Tue Feb 19, 2013, 02:46 PM
DonViejo (11,760 posts)
Obama’s ’14 toolkit
Why it's so important for the president and his party to force the GOP to vote on his agenda now
BY STEVE KORNACKI
There are two ways of thinking about the ambitious second term legislative strategy President Obama is pursuing. Calls for new gun laws, comprehensive immigration reform, a hike in the minimum wage, and a “balanced approach” to undoing the sequester and striking a long-term deficit reduction plan highlighted his State of the Union message last week.
It may be that the White House sees this as an opportune moment to pounce, with Republicans still digesting their defeat last November and fissures within the party beginning to surface. So why not take this occasion to put the GOP on the spot on a series of issues where its orthodoxy is out of line with mainstream opinion? Even with Republicans running the House, there may just be enough sentiment from potentially vulnerable incumbents – and from party leaders sensitive to the GOP’s national image – to strike some deals with Obama on his agenda.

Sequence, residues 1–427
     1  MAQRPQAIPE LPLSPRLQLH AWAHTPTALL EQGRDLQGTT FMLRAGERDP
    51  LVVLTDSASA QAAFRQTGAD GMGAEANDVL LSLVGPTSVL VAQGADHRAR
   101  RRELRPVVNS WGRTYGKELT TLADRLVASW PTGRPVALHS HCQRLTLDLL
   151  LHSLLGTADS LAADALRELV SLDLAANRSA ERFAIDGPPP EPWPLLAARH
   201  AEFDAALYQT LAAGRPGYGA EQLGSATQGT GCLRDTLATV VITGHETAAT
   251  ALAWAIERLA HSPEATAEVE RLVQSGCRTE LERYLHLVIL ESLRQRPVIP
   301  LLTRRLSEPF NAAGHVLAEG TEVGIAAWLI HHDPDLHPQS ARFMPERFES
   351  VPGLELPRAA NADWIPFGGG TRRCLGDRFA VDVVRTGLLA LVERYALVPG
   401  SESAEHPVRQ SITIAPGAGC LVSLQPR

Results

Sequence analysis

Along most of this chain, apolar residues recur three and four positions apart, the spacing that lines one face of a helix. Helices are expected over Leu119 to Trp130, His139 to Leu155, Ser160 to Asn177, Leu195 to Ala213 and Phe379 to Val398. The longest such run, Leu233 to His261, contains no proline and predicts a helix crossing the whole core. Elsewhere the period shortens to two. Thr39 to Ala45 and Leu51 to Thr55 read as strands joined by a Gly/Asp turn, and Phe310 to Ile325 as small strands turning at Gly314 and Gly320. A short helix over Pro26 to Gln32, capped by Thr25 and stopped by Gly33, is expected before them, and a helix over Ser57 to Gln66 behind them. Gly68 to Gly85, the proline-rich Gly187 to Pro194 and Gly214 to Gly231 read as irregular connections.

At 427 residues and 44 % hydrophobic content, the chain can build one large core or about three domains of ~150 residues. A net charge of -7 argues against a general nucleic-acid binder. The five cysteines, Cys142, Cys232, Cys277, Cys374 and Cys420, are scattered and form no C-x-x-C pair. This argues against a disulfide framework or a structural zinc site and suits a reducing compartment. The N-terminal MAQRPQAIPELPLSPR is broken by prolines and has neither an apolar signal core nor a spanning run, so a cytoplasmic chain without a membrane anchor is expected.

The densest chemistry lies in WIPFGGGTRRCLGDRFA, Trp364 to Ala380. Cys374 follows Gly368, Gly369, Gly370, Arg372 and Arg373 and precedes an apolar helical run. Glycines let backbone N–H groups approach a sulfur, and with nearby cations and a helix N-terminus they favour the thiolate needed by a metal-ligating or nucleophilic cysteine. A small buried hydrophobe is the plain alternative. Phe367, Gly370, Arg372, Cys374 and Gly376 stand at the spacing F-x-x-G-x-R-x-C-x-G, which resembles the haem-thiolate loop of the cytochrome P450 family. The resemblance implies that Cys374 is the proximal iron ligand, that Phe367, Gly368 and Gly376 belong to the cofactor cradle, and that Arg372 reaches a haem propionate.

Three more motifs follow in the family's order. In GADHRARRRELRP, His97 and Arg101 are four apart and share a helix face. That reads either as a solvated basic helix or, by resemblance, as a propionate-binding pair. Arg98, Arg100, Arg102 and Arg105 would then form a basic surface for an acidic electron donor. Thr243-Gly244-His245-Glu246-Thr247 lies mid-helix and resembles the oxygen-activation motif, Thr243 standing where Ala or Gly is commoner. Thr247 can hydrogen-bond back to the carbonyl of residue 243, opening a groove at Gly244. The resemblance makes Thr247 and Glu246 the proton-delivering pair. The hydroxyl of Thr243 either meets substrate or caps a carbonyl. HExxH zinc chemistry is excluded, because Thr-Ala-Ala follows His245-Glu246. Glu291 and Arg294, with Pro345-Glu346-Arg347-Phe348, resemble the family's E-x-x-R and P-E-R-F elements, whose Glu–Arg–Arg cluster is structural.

If this is Obama’s game, there’s some evidence it’s working. Already this year, we’ve seen Republicans give ground on their anti-tax absolutism, allowing a fiscal cliff deal that raised rates on income over $450,000 to come to the House floor, where just enough GOP members voted “yes” to allow it to pass. Republican leaders and conservative opinion-shapers have also been willing to give Sen. Marco Rubio some latitude in pursuing an immigration deal; even in light of Rubio’s most recent comments on the subject, the prospect a compromise will be reached is still real. And there has been impressive bipartisan movement toward a tightened background check system for gun purchases.
So it makes sense for the White House to push hard now and test just how far the GOP is willing to budge in its somewhat confused current state. But there’s probably a longer-term calculation at work too, one rooted in a recognition that there’s only so much Obama can achieve with Republicans running the House – and that there’s only so far those Republicans will ultimately go.
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